Elizabeth Cameron says
Hello, and thank you for all that you give, April! I am doing the STEP Mastery system, and have started exploring Asana a bit prior to listening to this podcast. Like you, I have 100+ project ideas rolling around in my head. SO, the ability to jot them down, store them in an appropriate folder (current, next-in-line, waiting, someday), and “forget” about them really calms my brain. What a gift. Thank you! The screenshots were especially helpful.
1.) Seeing how you organized your projects simply into two groups (1. projects and 2. routines) rather than entering every project really helped me. Visually this is much more calming. I do have a few questions. In the STEPS program you have shown us that our projects should be under three categories (self, family, beyond), with no more than 2-3 in each category. Where are you separating these in your system? Do you have a separate asana project for 1.) personal projects, 2.) family projects, 3.) beyond projects? or are you able to organize them further within a single asana project in the section titled “current projects”? Or do you just lump all personal, family, beyond projects into your asana projects and not differentiate?
2.) You have said that you keep your “next actions list” on a narrow piece of paper in your physical planner. I prefer digital for my next actions list. Currently I have my next actions list as an asana project. Within that project I have five sections (Home, Phone, errand, computer, discuss), but this adds yet another asana project. You have mentioned Eric prefers digital. Does he keep his next actions list in asana? If so, is it an asana project (along with “projects” and “routines”)?
3.) I was already fairly organized and prepared before finding STEP Mastery, but noticed I was making things harder than they need to be. So I am working very diligently to streamline everything in my life. So far the first 23% of the STEP program, various podcasts, the 2-minute rule, keeping next actions 10-minutes or less, and Taryn and your prompt answers to my FB group questions have really helped me (THANK YOU), but I still have further to go in order to carve away enough to make time for the things that REALLY matter. Here is my third question: When entering subtasks into each project in my “current projects” section of “projects”, it is my intention to make these tasks bite size so they are appropriate length for next actions. If I were to keep my next actions as an asana project, is there a way to select a singular subtask from my “current projects tasks” and have it show up on my next actions, or will I need to retype these tasks into my next actions every time I want to add a new task to my next actions? Just trying to find a way to decrease the amount of time it takes to do daily and weekly reviews and avoid recreating things that don’t need to recreated.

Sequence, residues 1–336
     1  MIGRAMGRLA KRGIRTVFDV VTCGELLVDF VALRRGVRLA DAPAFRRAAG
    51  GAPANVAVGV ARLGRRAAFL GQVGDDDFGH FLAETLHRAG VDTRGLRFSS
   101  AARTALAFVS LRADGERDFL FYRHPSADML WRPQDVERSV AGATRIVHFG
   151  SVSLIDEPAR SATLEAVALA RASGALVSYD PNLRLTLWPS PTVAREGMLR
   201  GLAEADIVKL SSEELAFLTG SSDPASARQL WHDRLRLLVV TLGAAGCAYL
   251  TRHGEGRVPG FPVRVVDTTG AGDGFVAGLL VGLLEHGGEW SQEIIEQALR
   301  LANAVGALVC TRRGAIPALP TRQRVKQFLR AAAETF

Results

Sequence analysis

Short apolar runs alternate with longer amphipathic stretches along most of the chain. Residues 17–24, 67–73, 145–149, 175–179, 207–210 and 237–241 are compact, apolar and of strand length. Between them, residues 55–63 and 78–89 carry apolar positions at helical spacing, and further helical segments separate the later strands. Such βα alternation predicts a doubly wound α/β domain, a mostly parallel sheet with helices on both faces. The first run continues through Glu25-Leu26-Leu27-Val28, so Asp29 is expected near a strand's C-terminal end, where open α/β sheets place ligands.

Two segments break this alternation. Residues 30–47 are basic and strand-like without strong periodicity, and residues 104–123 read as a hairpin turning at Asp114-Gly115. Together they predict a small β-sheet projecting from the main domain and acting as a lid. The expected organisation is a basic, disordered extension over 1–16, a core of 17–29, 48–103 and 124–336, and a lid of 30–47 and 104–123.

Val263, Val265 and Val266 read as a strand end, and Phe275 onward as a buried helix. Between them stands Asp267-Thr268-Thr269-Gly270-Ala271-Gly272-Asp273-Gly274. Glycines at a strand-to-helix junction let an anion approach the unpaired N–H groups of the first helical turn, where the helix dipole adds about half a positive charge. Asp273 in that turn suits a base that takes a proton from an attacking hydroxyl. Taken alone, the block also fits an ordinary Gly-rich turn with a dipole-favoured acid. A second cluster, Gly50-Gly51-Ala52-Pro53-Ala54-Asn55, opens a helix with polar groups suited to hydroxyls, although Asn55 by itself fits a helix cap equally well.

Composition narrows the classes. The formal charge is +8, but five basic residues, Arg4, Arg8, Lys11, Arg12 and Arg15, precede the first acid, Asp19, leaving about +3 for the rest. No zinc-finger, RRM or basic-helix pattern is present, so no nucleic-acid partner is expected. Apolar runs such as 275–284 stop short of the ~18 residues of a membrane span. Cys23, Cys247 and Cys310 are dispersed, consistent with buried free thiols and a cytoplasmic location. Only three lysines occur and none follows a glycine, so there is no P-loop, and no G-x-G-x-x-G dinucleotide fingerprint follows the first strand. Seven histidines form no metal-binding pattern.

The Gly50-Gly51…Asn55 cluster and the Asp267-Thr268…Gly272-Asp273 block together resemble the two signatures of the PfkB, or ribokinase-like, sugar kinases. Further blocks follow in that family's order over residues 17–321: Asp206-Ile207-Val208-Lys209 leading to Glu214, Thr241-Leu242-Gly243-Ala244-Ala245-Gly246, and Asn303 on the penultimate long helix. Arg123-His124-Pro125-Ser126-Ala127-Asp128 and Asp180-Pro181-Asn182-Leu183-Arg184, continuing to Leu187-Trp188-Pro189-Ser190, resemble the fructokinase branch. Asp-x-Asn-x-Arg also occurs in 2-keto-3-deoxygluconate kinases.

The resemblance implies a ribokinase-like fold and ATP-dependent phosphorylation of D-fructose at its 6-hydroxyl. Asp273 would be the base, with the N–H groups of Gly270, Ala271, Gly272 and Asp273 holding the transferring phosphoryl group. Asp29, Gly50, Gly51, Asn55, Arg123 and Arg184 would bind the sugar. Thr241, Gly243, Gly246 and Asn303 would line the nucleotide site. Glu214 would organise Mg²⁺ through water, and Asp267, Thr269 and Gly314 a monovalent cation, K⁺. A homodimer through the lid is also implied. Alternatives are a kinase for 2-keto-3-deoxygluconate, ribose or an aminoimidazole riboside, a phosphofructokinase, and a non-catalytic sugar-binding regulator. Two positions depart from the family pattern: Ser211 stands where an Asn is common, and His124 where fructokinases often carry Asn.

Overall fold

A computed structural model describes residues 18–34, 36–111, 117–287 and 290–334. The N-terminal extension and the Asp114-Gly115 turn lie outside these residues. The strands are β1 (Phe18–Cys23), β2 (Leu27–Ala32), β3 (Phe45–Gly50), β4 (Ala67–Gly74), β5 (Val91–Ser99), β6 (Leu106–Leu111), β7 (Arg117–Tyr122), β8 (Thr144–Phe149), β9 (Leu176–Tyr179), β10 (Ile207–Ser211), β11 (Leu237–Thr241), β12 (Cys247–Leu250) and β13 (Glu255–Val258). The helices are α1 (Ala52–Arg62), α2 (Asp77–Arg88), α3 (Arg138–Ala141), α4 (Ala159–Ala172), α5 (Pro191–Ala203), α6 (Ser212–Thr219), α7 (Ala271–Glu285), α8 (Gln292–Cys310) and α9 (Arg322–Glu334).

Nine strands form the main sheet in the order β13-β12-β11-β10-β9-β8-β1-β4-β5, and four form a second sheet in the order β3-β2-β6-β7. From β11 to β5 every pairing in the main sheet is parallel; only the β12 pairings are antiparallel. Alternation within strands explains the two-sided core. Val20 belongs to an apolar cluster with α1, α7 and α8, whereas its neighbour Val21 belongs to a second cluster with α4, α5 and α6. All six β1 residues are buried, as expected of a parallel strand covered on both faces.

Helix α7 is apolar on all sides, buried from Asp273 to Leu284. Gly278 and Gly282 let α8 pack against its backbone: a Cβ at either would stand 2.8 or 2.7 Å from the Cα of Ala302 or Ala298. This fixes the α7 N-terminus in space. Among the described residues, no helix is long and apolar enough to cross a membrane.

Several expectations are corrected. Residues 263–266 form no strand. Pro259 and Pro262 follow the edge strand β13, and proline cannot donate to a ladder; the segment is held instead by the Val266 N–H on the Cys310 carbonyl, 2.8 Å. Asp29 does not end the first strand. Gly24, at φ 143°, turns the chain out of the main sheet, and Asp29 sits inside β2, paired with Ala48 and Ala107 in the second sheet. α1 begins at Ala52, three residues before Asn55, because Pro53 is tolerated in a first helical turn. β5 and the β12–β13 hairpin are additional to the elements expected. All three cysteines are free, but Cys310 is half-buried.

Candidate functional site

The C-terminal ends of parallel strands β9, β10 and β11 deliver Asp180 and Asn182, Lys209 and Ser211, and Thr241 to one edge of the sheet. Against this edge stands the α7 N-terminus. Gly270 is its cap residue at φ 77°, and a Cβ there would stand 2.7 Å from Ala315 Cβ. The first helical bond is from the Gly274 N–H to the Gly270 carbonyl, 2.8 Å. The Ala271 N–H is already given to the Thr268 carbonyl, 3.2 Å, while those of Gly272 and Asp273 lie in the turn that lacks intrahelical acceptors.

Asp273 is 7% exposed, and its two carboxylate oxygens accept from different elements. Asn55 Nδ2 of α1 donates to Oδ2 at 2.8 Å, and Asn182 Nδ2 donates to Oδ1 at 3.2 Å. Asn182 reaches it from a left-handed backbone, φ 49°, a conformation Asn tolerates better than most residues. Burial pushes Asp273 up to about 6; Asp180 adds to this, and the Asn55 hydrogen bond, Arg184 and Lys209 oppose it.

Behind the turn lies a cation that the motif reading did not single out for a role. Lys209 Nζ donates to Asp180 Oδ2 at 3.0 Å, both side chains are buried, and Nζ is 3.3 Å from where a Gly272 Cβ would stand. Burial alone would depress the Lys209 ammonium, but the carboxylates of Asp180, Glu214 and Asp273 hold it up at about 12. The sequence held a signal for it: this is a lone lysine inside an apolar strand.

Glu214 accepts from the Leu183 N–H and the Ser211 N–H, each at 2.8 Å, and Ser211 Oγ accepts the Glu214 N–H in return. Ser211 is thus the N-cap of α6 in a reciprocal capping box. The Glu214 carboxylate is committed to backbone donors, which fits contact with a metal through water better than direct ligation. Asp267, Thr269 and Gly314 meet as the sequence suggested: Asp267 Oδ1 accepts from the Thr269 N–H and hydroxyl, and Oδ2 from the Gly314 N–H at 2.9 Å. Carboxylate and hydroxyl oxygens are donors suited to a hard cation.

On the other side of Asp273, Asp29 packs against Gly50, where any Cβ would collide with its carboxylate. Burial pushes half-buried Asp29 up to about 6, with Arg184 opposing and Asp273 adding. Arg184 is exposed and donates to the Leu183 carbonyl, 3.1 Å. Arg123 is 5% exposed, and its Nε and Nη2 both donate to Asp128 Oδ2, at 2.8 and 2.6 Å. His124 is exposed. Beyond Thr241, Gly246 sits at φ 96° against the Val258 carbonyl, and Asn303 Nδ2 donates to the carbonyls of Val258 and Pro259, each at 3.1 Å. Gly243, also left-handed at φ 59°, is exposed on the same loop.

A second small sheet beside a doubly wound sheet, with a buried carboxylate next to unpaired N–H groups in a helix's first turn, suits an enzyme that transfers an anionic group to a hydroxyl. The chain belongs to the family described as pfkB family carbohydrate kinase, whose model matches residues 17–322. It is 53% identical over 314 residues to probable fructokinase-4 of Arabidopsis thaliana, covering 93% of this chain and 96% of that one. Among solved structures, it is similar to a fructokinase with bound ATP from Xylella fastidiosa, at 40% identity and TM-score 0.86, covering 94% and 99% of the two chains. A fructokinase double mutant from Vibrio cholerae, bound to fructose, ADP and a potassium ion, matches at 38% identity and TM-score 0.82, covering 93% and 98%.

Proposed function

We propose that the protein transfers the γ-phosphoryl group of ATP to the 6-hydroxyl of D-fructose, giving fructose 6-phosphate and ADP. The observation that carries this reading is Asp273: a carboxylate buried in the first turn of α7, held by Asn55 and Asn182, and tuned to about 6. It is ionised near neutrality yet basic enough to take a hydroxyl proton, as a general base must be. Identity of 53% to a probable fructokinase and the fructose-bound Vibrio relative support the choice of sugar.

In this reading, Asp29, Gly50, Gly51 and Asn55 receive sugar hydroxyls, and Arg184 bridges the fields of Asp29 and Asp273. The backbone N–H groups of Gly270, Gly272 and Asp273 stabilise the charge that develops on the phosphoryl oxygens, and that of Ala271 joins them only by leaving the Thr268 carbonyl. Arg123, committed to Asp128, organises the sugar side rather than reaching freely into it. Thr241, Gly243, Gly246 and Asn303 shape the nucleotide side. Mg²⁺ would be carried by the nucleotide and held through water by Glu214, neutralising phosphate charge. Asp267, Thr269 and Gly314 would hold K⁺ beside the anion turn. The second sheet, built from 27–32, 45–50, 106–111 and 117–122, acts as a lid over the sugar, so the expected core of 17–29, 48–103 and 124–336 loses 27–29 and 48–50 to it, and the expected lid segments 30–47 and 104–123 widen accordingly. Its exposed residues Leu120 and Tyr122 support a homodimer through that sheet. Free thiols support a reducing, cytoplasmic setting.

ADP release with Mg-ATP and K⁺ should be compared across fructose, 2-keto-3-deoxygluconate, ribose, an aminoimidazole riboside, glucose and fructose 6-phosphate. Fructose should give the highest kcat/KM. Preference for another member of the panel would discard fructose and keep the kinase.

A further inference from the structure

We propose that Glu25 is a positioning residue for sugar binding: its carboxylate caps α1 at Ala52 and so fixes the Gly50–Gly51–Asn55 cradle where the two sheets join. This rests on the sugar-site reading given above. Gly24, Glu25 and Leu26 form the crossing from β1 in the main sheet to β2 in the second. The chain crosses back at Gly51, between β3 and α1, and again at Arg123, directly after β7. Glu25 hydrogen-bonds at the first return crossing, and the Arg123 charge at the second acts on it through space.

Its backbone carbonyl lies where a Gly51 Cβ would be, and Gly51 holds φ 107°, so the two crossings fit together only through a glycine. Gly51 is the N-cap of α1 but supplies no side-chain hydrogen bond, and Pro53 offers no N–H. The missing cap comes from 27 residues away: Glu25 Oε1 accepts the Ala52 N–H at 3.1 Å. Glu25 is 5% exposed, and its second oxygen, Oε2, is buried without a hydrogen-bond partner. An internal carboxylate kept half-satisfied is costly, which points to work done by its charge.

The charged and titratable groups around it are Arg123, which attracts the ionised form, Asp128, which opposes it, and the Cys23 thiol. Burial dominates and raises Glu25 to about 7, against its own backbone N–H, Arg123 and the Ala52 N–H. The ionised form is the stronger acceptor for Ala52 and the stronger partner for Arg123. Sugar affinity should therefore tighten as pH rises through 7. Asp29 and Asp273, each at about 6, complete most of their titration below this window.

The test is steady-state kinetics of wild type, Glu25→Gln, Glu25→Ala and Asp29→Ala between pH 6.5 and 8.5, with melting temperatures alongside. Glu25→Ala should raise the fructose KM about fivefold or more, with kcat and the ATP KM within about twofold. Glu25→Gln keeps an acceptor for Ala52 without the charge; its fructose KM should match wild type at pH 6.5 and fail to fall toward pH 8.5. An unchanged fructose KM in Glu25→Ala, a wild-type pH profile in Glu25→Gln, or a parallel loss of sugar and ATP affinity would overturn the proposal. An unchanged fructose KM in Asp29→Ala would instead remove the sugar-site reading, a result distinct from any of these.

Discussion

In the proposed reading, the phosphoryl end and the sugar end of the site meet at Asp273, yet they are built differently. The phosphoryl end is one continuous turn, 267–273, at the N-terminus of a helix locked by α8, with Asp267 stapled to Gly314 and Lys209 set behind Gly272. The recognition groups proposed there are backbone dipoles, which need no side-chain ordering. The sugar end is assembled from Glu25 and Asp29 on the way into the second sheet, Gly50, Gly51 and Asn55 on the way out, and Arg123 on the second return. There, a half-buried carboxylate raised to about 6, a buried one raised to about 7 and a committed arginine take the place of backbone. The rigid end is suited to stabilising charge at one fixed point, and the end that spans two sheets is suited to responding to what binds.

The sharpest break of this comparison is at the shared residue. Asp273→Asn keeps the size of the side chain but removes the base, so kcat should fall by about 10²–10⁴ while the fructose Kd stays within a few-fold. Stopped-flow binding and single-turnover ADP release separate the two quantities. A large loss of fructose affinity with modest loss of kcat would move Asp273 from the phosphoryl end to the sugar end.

4.) Every once and a while a task has a time or date specific deadline. I am aware that asana and google can sync. How can I sync just some of my tasks (the time/deadline specific tasks) into asana and not the other hundreds of tasks?
5.) FREE ASSOCIATION PROJECTS: Sometimes I am walking through a room and I see something that needs to be done, but it is clearly a project, not a task. I used to disrupt whatever I was doing (look at the kitty) and start digging in. This resulted in 20 half-started projects and nothing truly moving forward. Now when this, I open up evernote, title a new note “Project: Organize garage”. I might paste in a few photos, type a short outline, or just speak into a voice memo to use later when I am actually ready to outline tasks for that project. My last question for you is, where do you deal with these project brainstorming ideas for “someday” projects? 1.) Do you immediately list them as a task under “someday” in your asana project “projects” when they pop into your head to serve as a place holder? or do you brainstorm them somewhere else first before entering them as a someday task? 2.) If you do all brainstorming in asana, do you start adding tasks right away, or just make notes in the “description” portion of the task? 3.) or do you just have the place holder and ignore those ideas until you are ready to move that project into current or next in line?